Artfutura has just turned 20 (a really venerable age for a festival on such a topic). It celebrated its birthday at the IMAGINA building in Barcelona.For people thinking they were going to miss the traditional Mercat de le Flors (in fact this would have surely been a more adequate location for it) it has in fact turned out to be amusing to attend this festival in the famous catch@22, the district of innovation which has been the subject of a series of debates, an area still gutted due to never-ending work-in-progress but already with a futuristic stamp.

Too bad about the constant broadcasting of football matches by golTV on the maxiscreen located at the entrance which did not create the proper atmosphere for a cultural event. And too bad as well, about the numerous, never-ending sound and video technical problems and the incoherence of the lighting system. These things should work more than well on the occasion of a festival about future technologies.

Apart from that, ArtFutura, as always, gave ample space to spokesmen from various fields of technological culture, various fields which actually are very different from one-another. It gave it to pop culture and the more cultured one; to the one which is more influenced by science and to the more artistic one; to the commercial one and to the more conceptual one; to the more collective one and to the more individualistic one; to the more practical one as well as to the more realistic one, the more utopian one and the more creative one.

As has always been so for the last 20 years, it is continuously trying to overcome dichotomy, to investigate the spaces lying between opposites which is where the seeds of innovation swarm or, to use Stelarc’s own words, “where intelligence resides”. 

Img: courtesy by Imrove Everywhere

True to pattern, the festival was made up of conferences, exhibitions, audiovisual projections, contests (Siggraph, Vida, 3D ArsFutura), ceremonies and parallel events, but this time some of them were held at the IMAGINA building, and others at the Santa Monica Centre of Arts. The event opened with a FlashMob by Improv Everywhere, which was coordinated by an mp3 file downloaded from the WEB and which was broadcast simultaneously in four Spanish cities: Barcelona, Madrid, Murcia and Vigo. In total around 1800 people participated, dancing in the freezing cold while performing collectively in the middle of the more crowded streets for 45 minutes.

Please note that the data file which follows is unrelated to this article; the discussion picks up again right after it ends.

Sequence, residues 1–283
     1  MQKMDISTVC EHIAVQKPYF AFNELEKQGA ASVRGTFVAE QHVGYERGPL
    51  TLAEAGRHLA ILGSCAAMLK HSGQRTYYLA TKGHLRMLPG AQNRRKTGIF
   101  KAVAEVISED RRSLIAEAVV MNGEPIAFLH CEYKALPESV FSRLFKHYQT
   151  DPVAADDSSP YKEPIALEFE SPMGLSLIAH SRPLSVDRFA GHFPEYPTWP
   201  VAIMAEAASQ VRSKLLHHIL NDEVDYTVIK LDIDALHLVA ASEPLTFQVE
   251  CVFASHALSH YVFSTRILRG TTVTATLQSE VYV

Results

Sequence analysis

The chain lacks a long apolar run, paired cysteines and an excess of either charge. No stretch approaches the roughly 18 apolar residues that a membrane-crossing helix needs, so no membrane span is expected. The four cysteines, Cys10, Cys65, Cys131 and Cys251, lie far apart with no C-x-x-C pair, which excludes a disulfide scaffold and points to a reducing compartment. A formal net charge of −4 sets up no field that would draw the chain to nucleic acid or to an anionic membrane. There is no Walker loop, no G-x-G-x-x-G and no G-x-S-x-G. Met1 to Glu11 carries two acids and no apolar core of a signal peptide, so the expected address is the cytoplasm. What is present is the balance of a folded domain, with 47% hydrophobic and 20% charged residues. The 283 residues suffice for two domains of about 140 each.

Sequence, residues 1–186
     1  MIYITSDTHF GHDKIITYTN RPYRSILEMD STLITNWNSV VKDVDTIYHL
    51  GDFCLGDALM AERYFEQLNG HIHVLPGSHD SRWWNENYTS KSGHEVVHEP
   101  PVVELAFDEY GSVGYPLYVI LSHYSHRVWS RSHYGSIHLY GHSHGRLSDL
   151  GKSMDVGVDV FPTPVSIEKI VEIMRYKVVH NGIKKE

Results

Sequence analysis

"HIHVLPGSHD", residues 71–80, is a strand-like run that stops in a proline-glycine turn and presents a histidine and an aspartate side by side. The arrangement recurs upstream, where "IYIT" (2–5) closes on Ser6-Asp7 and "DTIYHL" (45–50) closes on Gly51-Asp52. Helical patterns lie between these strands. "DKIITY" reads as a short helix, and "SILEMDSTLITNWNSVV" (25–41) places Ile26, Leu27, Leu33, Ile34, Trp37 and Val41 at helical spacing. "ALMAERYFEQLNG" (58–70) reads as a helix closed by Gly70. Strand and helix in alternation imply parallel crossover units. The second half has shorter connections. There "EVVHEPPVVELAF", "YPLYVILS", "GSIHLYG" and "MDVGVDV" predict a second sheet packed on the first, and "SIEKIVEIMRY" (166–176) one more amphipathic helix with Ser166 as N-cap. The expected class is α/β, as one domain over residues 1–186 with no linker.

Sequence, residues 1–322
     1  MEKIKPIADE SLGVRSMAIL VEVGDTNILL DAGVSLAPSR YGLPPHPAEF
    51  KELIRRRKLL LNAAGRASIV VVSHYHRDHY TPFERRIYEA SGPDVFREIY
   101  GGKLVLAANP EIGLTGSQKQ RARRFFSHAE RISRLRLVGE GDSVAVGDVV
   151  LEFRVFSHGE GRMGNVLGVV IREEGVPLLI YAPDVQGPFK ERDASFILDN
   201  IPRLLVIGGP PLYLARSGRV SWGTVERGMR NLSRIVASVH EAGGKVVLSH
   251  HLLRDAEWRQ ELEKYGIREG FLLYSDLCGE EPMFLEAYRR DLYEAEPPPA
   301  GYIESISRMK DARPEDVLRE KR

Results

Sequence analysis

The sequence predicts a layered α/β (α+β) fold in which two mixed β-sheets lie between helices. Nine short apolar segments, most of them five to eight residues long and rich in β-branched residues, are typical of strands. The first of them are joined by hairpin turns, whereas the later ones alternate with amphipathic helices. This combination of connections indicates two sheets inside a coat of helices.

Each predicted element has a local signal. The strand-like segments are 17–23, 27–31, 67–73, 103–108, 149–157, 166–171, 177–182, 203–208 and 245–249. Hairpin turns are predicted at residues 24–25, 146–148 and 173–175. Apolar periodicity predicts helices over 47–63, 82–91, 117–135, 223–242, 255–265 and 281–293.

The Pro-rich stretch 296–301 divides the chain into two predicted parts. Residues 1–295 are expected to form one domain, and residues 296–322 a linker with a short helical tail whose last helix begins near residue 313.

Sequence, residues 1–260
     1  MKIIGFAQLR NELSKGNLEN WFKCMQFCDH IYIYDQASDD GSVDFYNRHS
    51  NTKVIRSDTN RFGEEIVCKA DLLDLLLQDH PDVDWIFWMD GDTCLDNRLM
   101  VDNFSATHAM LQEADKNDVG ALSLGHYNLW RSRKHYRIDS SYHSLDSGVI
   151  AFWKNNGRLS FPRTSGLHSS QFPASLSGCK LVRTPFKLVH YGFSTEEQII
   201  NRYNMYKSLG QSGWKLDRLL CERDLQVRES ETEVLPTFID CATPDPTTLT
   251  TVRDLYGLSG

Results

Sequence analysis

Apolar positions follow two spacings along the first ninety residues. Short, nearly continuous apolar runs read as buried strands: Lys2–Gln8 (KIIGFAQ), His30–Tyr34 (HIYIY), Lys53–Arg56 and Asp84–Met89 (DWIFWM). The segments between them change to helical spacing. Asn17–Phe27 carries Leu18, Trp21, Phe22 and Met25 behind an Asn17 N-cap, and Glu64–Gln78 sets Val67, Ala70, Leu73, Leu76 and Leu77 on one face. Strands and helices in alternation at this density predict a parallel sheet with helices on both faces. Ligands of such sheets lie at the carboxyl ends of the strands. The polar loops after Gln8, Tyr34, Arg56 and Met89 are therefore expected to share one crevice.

Then, the opening of the garden of sculptures by Sachiko Kodama was celebrated at the Santa Monica Centre of Arts. We had already seen her at Maquìnas & Almas, but we never grow tired of her works of art, kinetic sculptures animated by the magic of ferro-fluid. The exhibition will last until the 15th November … it is warmly recommended to those passing through Barcelona. What’s more, it’s free.

Also the first day of conferences was free. Because of the seating capacity, booking was made compulsory but the hall remained half empty even though every seat had already been booked some days before the opening day; thanks to the behaviour of many people, this free-entry is something which will probably not happen again.

It seems that, even when talking about art, people seem to prefer giving more value to something they need to pay for and they do not care at all about others who want to participate but are prevented from doing so because all the seats are already booked. The three days dedicated to conferences, widely documented on the web-site of the festival together with the ones of the speakers, welcomed three particularly interesting and inspiring meetings.

The first one, light-hearted and amusing but also conceptually deep-rooted, was the one with the breezy Multitouch Barcelona, already seen at OFFF, and the pupils of its director Hèctor Hayuso. They were interviewed by Marvin Milanese. The interview can be read on Digimag 46 July-August Issue ( Their work is totally focused on the humanization of technologies. They don’t like saying “user”, they prefer the word “people”. They don’t like saying “interface”, they prefer the word “experience”. What they are trying to do is not to allow technology to cool people off; on the contrary, they try to make people warm up to technology by filling it up with sensations and emotions, by invoking the senses and physical participation. 

Img: courtesy by Multitouch Barcelona

That’s the reason behind their human interface (Hi, am a real human interface), their touch-screens where participants have to interact with one-another in order to instigate human relationships, whereas, on the other hand social networks create virtual links not comparable to real ones and which, most of the time, don’t end up coming true: is an embrace sent via Facebook a real embrace? They don’t think so at all.